It wasn't your average open mic night.

Amateur and professional writers at The Cedar Tree Cafe in Fredericton Wednesday night shared poems, stories and letters they wrote when they were children.

Jill Mersereau

Jill Mersereau read her childhood predictions for the year 2005, such as phones that hook up to your TV. (CBC)

Jill Mersereau read a time capsule letter she wrote in 1990, when she was 11, with predictions for the year 2005.

"...People living on the moon, phones with the TV hooked up to them," she said. 

"There will no longer be libraries full of books, but they will be full of diskettes. You will be able to take the diskettes home and put them on your computer.

"If Disneyland keeps expanding, by 2005, it will cover most of Florida," read Mersereau.

Mersereau said it was a little scary, but she thought others may be able to relate to what she had written. She got the laughs she was hoping for.

Corey Redekop, a writer, joked about his reason for being there.

"I really get off on humiliation," he said.

"No that's not true. I think it's an interesting thing to go back and re-explore what you've done in the past.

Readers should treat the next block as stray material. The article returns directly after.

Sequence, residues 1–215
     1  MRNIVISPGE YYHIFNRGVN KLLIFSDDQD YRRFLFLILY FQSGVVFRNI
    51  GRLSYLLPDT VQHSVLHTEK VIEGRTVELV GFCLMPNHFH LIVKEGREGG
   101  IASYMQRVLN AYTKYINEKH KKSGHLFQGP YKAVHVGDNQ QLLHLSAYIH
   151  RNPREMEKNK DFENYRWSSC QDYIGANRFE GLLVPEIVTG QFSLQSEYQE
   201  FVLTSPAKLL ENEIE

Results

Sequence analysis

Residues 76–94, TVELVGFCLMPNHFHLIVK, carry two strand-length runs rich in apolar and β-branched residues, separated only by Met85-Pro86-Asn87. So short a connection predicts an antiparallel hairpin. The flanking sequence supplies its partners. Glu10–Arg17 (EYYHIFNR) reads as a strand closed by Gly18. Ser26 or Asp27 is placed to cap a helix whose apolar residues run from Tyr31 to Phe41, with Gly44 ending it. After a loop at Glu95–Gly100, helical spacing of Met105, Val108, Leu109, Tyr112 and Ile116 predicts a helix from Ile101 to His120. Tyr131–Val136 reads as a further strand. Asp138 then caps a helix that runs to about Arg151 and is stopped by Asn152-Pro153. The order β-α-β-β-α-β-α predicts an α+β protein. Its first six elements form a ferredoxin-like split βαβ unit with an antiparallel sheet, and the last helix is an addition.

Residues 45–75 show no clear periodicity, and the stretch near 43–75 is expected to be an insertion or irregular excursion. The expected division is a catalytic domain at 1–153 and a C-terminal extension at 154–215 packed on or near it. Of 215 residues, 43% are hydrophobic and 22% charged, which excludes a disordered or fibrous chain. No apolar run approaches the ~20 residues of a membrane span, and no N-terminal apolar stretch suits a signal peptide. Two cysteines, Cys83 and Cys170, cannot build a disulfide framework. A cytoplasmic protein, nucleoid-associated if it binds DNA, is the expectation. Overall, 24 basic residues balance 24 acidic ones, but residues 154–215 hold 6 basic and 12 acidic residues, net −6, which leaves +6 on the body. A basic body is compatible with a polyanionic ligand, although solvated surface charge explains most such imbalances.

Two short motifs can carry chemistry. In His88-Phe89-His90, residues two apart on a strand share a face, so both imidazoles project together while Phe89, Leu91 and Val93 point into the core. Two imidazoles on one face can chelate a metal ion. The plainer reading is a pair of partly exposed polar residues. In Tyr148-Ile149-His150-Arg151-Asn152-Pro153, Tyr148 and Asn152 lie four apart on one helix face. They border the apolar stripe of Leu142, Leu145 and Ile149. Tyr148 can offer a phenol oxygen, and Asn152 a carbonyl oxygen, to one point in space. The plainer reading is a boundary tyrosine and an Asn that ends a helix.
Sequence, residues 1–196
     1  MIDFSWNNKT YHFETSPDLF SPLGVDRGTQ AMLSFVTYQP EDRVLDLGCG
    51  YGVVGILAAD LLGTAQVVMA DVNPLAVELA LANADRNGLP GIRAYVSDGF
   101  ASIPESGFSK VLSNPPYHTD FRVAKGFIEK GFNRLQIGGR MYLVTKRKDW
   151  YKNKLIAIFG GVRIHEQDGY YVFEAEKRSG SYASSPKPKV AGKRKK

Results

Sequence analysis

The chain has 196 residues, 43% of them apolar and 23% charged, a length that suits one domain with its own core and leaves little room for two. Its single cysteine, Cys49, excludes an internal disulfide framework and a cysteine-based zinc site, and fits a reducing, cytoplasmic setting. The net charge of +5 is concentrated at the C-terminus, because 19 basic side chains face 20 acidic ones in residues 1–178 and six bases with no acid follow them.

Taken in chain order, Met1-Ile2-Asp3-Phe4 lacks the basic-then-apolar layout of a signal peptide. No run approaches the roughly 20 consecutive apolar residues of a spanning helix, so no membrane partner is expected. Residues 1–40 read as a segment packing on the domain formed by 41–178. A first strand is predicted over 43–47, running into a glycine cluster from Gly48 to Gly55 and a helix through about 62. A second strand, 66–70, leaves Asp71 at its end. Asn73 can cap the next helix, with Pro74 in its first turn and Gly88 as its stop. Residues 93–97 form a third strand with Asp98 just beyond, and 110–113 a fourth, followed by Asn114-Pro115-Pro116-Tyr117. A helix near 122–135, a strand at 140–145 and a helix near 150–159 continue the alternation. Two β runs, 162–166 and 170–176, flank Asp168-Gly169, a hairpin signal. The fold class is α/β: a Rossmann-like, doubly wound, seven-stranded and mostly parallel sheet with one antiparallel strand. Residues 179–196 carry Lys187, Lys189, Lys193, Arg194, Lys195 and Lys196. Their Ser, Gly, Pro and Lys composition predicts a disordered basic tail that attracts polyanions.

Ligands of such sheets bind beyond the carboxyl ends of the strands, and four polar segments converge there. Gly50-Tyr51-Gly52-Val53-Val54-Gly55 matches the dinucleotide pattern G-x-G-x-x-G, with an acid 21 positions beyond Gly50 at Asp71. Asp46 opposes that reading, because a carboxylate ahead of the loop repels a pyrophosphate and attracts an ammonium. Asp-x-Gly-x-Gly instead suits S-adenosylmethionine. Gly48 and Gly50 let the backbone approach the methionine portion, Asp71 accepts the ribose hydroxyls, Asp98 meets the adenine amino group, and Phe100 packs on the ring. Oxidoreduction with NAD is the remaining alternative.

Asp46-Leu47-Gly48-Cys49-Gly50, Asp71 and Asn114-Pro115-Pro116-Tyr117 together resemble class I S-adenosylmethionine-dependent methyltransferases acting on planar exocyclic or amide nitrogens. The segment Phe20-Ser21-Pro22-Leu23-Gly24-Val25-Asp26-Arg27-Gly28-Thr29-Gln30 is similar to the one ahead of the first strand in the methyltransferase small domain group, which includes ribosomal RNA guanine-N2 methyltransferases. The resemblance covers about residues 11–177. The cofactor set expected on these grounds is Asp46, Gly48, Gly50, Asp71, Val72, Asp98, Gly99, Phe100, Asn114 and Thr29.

Cedar Tree audience

An audience at Fredericton's Cedar Tree Cafe listens as people read things they wrote as kids. (CBC)

"It's nice to read it and realize, yeah, I actually have gotten better as a writer," said Redekop, who has published two novels, Husk and Shelf Monkey.

In his best Yoda voice and droid whirs and beeps, Redekop read a screenplay he wrote when he was 11, after seeing the second Star Wars movie. 

He called it, "The Jedi's Revenge," not far off from the eventual Hollywood sequel.

"It ain't nearly as good as the film," said Redekop.

"But Yoda's in it ... and there's no Jar Jar Binks, so I think it's actually better than the prequels," he said.

The show was recorded for a new show on CBC Radio called, Grown Ups Read Things They Wrote as Kids.

Dan Misener, the show's creator, has been touring the country gathering material. He says while many performers have found it a nice reminder of how different they are today, others have found they haven't changed much at all.

"I've heard people use the word cathartic," said Misener.

"You know, sometimes confronting your teenaged demons on stage is a good way to work some stuff out," he said.

The show airs Wednesday mornings at 9:30 on CBC Radio One and is available on demand on their webpage.